Ronnachit Mahattanapreut, the senior vice-president for finance and administration at Central Plaza Hotel Plc (Centel), the parent company of Centara Hotels and Resorts, said the company believes if the government is determined to maintain the decree that long, other countries may escalate their travel advisories for Bangkok and the country as a whole.
Mr Ronnachit told the Bangkok Post he received many calls from tourism investors on Wednesday, when the decree was announced.
Many of them have come to Bangkok and seen that the rallies were peaceful, unlike what has been reported in the international media, he said.
"If the decree remains beyond March, bookings for meeting rooms postponed from January and February may be cancelled. This is what we're worried about," said Mr Ronnachit.
He said the decree may have already influenced tourists planning to visit Thailand, as travel insurance normally does not cover damage caused by riots if a country is in a state of emergency.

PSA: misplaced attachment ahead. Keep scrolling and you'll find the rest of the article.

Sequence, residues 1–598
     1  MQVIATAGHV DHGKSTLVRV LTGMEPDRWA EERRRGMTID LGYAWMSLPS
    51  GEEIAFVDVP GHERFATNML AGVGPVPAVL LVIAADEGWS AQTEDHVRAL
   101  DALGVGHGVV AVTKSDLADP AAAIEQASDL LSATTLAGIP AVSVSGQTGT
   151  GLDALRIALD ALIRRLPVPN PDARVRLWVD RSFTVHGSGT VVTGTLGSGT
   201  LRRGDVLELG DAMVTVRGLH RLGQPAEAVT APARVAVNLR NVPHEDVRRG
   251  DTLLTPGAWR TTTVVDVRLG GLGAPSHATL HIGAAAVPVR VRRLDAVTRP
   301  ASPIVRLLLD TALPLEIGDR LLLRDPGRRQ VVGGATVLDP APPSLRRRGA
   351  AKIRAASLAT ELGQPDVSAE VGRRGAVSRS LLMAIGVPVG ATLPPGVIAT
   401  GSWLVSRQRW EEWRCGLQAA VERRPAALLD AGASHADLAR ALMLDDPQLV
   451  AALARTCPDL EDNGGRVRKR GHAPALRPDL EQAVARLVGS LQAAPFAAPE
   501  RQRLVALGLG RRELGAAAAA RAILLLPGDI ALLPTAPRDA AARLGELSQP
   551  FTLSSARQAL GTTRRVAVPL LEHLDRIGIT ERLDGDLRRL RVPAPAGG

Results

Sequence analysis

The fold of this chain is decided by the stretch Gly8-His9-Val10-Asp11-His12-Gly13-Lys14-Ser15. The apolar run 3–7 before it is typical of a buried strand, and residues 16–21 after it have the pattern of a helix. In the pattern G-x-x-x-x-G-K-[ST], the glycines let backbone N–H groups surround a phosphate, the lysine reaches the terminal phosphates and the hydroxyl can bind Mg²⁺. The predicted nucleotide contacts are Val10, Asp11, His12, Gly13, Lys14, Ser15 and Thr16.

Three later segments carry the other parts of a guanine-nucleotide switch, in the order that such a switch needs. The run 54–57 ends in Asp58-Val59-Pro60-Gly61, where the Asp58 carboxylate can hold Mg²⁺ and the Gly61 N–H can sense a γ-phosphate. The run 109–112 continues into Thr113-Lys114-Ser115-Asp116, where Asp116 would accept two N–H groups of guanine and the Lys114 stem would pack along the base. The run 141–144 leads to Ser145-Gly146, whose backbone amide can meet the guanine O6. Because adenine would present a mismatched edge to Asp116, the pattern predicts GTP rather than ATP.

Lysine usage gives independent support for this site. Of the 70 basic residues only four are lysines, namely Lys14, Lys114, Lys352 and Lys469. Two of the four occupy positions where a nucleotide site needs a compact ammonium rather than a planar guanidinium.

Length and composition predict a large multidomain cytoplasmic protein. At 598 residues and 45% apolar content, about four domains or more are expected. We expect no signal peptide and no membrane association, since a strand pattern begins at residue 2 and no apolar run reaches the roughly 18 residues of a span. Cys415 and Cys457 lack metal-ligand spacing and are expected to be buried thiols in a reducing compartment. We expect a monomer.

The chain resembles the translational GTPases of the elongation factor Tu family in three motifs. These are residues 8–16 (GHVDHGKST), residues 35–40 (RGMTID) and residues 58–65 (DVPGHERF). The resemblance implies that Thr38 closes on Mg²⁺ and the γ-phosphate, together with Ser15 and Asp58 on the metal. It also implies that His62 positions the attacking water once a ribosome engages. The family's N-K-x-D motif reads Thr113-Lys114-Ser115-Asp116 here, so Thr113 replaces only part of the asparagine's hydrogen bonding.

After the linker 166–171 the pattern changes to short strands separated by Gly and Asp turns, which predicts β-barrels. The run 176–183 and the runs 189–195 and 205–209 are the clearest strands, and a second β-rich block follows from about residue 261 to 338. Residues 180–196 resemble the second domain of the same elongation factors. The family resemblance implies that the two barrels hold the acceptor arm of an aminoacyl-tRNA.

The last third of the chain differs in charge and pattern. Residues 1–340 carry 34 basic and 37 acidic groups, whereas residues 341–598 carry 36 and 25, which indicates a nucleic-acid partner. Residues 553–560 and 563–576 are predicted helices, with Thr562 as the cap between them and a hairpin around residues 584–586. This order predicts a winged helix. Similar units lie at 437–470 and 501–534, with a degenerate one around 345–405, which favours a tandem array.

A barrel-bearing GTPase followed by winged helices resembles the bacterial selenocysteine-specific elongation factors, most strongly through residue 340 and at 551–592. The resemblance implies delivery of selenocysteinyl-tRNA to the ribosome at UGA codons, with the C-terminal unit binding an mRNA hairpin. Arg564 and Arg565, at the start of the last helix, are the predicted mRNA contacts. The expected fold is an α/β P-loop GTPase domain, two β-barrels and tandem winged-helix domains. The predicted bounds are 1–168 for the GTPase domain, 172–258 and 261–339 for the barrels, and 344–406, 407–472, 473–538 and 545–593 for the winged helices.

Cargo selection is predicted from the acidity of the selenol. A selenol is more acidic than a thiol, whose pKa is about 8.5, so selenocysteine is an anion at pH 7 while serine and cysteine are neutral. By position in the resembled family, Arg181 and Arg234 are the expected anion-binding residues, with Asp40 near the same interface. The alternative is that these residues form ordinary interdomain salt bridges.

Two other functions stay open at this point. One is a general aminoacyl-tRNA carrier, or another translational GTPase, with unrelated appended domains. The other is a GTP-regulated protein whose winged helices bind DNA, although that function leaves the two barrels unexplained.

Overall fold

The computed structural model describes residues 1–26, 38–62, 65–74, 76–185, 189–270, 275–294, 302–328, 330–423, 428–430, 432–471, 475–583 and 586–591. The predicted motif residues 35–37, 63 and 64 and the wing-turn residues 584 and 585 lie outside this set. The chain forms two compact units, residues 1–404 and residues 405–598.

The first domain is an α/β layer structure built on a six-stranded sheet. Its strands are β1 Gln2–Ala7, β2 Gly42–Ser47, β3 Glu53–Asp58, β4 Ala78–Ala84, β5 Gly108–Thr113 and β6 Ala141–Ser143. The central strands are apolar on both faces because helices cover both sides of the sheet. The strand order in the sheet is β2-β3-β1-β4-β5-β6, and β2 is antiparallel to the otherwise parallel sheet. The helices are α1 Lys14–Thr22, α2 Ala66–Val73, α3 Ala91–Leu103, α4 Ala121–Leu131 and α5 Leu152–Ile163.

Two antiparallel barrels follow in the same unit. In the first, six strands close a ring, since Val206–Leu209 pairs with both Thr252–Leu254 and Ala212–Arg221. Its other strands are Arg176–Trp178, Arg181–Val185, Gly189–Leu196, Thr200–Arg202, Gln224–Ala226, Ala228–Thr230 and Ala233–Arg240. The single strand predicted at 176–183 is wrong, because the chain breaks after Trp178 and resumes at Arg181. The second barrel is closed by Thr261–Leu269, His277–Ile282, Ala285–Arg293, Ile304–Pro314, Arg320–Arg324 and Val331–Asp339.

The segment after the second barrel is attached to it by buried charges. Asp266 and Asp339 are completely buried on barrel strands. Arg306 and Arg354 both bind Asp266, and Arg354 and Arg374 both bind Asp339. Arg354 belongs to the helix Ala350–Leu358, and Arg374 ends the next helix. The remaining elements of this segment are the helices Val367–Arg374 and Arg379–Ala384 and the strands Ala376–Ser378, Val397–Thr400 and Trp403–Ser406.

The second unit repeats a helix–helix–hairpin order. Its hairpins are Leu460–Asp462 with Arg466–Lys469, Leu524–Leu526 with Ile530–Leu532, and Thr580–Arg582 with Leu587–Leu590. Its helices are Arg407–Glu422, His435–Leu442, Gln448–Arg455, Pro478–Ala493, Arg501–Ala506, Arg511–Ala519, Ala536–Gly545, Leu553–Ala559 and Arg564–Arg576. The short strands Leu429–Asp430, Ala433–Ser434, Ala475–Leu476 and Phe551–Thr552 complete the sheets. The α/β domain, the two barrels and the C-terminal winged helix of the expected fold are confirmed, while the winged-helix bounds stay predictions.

The rallies have been largely peaceful so far, but the imposition of the decree may instigate violence, said Mr Ronnachit.
As of last Friday, Centel reported average occupancy of 90% for its hotels in Phuket and 80% in Pattaya, Hua Hin and Koh Samui.
Forward bookings for Chinese New Year for its hotels in Phuket, Chiang Mai and Hua Hin reached 80-90%.
From Jan 1-24, Dusit International reported occupancy of 43% for its hotels in Bangkok, 83% in Pattaya, 69% in Hua Hin, 94% in Phuket and 91% in Chiang Mai.
Sukanya Janchoo, the general manager of the Dusit D2 Chiang Mai, agreed the emergency decree has affected hotels in Bangkok and other parts of Thailand. Cancellations began on Friday.
Some countries and territories such as Hong Kong and Taiwan have even started warning their citizens against travelling to Thailand.